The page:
After you’ve seen the pipeline with its so-called “black gold,” venture to the largest genuine gold display in the state. The University of Alaska Museum of the North is one unusual place, too. You’ll figure that out quickly as you are greeted at the museum’s Gallery of Alaska by Otto, an 8-foot-9-inch preserved brown bear that lurks near the entrance.
Here you will find 2,000 years of Alaskan native art, including ancient ivory carvings and intricately woven Aleut grass baskets, which can contain more than 1,000 stitches per square inch. Even these artifacts are recent compared to Blue Babe, a 36,000-year-old mummified steppe bison. Reactions between the phosphorus in the extinct mammal’s tissue and the iron in the soil caused the creature’s skin to turn a brilliant blue when exposed to air, thus his name. Discovered just north of Fairbanks, Blue Babe is a rarity “” only two other large mammals have been recovered from permafrost to be reconstructed and displayed anywhere in the world.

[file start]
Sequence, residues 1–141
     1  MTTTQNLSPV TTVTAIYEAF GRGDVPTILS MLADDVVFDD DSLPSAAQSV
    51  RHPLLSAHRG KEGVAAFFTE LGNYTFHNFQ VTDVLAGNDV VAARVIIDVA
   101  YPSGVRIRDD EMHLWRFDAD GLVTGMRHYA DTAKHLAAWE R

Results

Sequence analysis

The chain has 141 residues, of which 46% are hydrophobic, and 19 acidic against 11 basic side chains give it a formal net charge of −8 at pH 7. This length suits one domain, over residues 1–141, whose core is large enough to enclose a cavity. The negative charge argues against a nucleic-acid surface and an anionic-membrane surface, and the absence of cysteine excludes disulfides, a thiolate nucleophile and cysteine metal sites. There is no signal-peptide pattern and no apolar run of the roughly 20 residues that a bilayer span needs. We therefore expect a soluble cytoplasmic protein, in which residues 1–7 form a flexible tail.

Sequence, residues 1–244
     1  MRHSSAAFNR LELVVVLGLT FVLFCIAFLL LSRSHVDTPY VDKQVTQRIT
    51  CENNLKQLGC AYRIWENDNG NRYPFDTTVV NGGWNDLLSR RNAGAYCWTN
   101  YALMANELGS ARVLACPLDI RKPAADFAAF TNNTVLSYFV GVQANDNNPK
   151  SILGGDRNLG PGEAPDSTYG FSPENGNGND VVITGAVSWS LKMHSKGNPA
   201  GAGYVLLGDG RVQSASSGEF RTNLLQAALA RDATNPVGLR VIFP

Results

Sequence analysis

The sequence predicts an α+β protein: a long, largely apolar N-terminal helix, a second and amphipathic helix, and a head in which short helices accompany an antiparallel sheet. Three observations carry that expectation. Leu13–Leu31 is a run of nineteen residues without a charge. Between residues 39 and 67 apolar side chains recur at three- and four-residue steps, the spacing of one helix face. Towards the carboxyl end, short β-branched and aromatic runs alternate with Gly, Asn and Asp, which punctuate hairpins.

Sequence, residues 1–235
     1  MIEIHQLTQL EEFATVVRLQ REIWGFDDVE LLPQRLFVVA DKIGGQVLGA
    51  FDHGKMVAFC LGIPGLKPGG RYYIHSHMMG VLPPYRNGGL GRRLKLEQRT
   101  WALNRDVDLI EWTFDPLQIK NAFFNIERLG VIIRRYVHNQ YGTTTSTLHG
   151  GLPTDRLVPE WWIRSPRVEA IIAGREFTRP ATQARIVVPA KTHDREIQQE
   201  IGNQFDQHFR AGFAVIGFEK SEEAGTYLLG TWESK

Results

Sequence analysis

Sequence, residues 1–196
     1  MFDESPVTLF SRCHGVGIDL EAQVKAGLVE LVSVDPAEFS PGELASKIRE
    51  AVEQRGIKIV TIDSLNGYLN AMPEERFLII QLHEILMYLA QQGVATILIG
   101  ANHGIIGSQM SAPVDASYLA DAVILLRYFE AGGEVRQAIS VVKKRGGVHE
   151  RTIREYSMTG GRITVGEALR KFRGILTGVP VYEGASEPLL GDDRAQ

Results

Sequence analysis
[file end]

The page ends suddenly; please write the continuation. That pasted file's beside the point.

Other exhibits showcase the effect of world cultures upon Alaskan history, including Russian Orthodox ceremonial objects representing the influence of early colonization.
Military history enthusiasts will want to peruse the display of Japanese memorabilia from World War II. It is a reminder of the Japanese invasion of the Aleutian Islands and the difficulties American forces endured. The Aleutian campaign to banish the Japanese invaders from the U.S. territory resulted in the establishment of 13 U.S. military bases in the Aleutian Islands chain, construction of more than 1 million square feet of runways, and the completion of the Alcan Highway through Canada to Alaska.
The museum recently underwent a renovation that doubled its size and added an extensive art gallery. It is open daily year-round; summer hours (May 15 to September 15) are longer, from 9:00 a.m. to 7:00 p.m. Call (907) 474-7505 for more information, or visit www.uaf.edu/museum. Visitor parking is free, but admission is charged: $10 for adults, $9 for seniors (60 and up), $5 for youths 7 to 17, and free for children 6 and under.